I don't live near my own grand children, although we are within driving distance- while I do see them often, and talk to them almost daily, I am grateful that they can be a source of nachas and joy to the many 'bubbies' and zaydes' they meet where they live.

It's a sort of "reverse green bubbie" phenomenon- reaching out wherever you are. Connecting across the generations is good for all of us at every age. It's life well lived, appreciated for what we have in common. Our humanity. Our capacity to reach out and connect, hands across the generations is a good prescription for a healthy heart.

So whether you are about to embark on a Thanksgiving celebration, and/or you are thinking about your Shabbos table- expand your age span - and love the ones you're with!

Many of us are familiar with the Pray, Eat, Pray, pattern of Jewish practice. Well, in this Harvest Season- which is also the spiritual season of birth and renewal- a New Year brings us many opportunities for reflection, renewal and redemption. Today is Hoshana Rabbah, bringing us to the end of Sukkos, and time to put away our Lulav and Estrog- Let's take action and put into practice our words to connect mind, body and spirit, to live in a way that our life is our thoughts, deeds and actions. We jsut read in Koheles, that there is a time to plant and a time to sow- well if you want a harvest for next Sukkos, get ready to plant now!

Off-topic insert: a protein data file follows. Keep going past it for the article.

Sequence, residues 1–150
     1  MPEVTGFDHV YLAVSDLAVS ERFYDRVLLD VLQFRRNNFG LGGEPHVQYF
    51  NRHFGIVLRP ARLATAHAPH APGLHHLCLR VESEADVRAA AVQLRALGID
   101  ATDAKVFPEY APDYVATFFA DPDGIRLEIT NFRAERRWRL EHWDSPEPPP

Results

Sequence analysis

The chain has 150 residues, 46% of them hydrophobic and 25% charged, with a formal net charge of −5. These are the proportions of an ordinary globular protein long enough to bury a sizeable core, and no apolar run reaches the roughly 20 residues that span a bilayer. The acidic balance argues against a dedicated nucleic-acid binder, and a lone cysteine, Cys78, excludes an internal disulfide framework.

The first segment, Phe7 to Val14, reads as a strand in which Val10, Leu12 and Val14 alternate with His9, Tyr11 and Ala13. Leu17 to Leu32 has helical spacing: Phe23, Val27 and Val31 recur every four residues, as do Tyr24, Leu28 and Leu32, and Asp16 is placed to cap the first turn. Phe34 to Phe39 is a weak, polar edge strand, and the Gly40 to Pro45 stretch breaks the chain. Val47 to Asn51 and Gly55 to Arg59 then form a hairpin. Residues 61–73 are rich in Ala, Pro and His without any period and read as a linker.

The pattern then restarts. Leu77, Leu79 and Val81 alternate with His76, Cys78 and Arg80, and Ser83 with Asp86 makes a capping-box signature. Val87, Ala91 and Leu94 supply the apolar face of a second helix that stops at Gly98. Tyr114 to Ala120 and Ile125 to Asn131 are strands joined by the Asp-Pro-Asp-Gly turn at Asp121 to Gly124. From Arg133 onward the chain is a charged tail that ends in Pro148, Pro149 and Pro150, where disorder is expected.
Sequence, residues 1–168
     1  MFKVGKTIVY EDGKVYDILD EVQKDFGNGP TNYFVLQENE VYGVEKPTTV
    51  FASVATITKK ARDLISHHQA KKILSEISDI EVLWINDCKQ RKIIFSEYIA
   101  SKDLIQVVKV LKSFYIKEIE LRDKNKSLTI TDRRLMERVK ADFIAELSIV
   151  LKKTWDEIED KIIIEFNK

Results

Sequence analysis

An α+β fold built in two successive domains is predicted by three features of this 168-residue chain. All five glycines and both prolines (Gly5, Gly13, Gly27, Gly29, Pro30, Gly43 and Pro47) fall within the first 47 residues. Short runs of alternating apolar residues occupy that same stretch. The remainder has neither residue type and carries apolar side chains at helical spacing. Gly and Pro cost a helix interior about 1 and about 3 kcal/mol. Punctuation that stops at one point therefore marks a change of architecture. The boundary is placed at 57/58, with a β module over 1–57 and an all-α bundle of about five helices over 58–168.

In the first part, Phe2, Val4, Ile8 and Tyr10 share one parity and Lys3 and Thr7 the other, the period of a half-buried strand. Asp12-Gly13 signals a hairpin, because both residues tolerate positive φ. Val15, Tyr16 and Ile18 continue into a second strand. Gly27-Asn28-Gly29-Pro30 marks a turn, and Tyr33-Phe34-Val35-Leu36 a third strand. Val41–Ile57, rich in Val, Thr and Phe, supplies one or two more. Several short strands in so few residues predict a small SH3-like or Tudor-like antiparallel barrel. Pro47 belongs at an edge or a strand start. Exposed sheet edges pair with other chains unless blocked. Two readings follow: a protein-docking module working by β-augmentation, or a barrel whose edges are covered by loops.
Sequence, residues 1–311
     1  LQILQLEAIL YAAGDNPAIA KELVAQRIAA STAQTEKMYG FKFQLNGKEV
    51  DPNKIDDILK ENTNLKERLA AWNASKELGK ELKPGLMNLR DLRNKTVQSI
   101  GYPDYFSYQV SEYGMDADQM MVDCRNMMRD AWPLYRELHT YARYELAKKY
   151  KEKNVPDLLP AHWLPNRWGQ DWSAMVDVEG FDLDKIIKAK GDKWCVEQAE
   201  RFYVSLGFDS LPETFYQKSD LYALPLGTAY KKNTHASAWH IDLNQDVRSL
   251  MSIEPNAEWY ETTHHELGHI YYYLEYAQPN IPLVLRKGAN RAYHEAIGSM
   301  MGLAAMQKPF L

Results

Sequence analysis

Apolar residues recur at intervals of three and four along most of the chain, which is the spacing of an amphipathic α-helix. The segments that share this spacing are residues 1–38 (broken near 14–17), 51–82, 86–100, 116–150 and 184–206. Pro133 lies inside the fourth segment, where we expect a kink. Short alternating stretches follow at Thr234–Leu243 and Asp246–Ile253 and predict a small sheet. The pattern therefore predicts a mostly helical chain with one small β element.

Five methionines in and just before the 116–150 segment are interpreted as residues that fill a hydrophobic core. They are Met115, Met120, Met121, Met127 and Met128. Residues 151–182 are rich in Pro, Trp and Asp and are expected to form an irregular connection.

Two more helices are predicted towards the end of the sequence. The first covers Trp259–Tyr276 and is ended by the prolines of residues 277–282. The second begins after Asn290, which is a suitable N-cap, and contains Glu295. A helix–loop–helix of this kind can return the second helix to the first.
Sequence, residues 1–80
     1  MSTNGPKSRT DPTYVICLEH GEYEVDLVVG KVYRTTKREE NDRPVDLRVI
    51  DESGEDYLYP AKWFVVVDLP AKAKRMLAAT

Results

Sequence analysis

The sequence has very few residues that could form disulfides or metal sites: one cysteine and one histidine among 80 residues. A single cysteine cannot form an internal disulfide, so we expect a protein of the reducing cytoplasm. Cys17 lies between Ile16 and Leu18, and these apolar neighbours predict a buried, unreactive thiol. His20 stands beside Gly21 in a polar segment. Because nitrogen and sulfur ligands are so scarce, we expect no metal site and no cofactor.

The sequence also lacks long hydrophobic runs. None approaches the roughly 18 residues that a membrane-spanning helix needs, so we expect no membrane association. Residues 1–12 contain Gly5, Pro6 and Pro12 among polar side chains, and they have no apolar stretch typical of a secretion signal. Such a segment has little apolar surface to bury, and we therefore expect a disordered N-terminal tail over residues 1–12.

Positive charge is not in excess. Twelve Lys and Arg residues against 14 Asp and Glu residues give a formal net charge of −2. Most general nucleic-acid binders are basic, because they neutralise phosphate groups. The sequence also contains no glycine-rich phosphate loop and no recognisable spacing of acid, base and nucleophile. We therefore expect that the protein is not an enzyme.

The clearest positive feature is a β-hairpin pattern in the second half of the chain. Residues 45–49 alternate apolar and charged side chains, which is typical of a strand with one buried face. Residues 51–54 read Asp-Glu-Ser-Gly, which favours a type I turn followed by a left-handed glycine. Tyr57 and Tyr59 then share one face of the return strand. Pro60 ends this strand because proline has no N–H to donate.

It is a time to begin the cycle of a new year- not only in our minds and hearts, but in the very real gardens and grounds that we live on.
So here it is - a call to action: GROW YOUR OWN (Aravos- willows.)
Keep your Aravos in water and they will sprout roots. Plant the rooted willows into the ground, some sun, shade is good.
Become part of the pray, plant and grow cycle yourself.
The 'aravos' willows will grow here in the Northest, and almost anywhere- we live in the Philadelphia area and the Aravos I planted almost 20 years ago are now big bushes, whose branches are shared each year with many friends and neighbors and visiting family. In years past we have backed up several institutions even Penn Hillel! Our Aravos harvest seems to grow as it is used, the more you cut, the more it grows!
Each year my husband (the green zayda) cuts back the growth on Tammuz 17- (which as you may recall, is a Fast day) Once again breaking with the "pray eat pray" syndrome, it proves that even on days when you are fasting and don't eat, well, you can still foster new growth in the garden, as you cut, pray, cut!
If you are reading this after Sukkos, and or you don't have any Aravos this year to root- stop by some time and we will share our Aravos with you. The good thing about Aravos, just like 'bubbies' if they are 'green' they are still alive, ready and willing to grow.